Editorial – Axis of Needed

How times change.

Once denounced as part of the “axis of evil,” the leader of the country that infamously coined that dangerous phase is now seeking talks with member Iran to try end the ever-downward spiral of violence in neighboring Iraq that even a recent “surge” of troops has failed to dampen.

Be careful who you label as enemies; one day you may just need them.

This week we learned the American President George W. Bush has approved direct talks with Tehran in a bid to restore some semblance of order to blood-soaked Iraq, spurned by the capture of a reportedly Al Qaeda unit of three US troops that thousands of soldiers are hunting for before they befall a lethal fate of other such kidnapped troops.

Talking to Iran to try stem the Iraq violence was one of the suggestions of the much-heralded report by the Iraq Study Group last year that was swiftly discarded by Washington. Now, in times of desperate need, thankfully the US administration is listening – albeit because it is severely fenced in and under immense pressure from its Republican ranks ahead of the presidential election next year in which, with almost 3,500 US troops killed, Iraq is the key issue with voters, and Bush’s approval ratings are hazardously at Nixon level, and sinking.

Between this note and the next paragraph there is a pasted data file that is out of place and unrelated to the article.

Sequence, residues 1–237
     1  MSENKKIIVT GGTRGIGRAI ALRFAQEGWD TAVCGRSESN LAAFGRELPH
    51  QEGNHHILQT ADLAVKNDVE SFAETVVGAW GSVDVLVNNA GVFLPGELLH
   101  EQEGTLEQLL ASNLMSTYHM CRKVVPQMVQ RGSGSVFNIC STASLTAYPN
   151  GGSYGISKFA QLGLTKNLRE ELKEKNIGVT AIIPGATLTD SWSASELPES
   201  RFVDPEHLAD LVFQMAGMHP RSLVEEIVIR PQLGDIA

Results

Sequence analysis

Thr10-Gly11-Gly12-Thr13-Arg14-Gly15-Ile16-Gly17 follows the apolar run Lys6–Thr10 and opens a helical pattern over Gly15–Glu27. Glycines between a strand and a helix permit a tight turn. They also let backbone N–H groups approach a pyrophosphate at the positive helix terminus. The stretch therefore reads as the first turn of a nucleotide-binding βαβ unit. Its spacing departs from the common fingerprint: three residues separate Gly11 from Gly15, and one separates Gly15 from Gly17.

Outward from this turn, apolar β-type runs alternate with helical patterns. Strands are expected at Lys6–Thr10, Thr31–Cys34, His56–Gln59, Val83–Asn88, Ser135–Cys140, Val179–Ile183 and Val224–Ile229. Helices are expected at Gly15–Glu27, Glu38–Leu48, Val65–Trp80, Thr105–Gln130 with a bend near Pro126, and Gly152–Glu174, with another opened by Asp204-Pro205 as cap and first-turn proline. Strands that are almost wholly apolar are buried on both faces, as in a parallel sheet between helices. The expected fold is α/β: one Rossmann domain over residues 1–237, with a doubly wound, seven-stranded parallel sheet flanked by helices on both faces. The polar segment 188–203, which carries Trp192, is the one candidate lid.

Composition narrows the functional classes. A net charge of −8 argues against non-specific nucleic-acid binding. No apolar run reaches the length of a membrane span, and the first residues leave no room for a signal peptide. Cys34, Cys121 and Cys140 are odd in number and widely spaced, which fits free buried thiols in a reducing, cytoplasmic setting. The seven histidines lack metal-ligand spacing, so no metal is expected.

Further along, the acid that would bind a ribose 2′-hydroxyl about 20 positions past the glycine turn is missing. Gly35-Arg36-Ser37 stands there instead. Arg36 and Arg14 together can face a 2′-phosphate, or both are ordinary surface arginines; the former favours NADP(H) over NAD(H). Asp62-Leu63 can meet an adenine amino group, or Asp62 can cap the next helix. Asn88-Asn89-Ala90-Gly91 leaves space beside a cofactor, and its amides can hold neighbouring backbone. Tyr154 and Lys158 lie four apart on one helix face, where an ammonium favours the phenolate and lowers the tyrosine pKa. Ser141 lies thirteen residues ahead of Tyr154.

The time given over to blinkered presidential Iraq happy talk is over; everyone, including outside the US, wants action, a withdrawal of coalition troops, an end to a conflict that is now into its fifth year and still killing Iraqis, Americans and others.

Yet even in its death throes, the US government still attempts to link what has been happening in Iraq to the attacks of September 11, 2001, in a vain but fallaciously calculated move to garner public support that has long since waned.

It is time now for stark realism, for those in power in the US and elsewhere to publicly recognize that the Iraq invasion and the subsequent years of death and destruction has amounted to an almighty folly, one that can only be righted by the coalition retreating and allowing the warring factions in Iraq, and those militants attracted to the current anti-US honeypot, to sort it out for themselves.

It is a start, at the very least, in talking to Iran.

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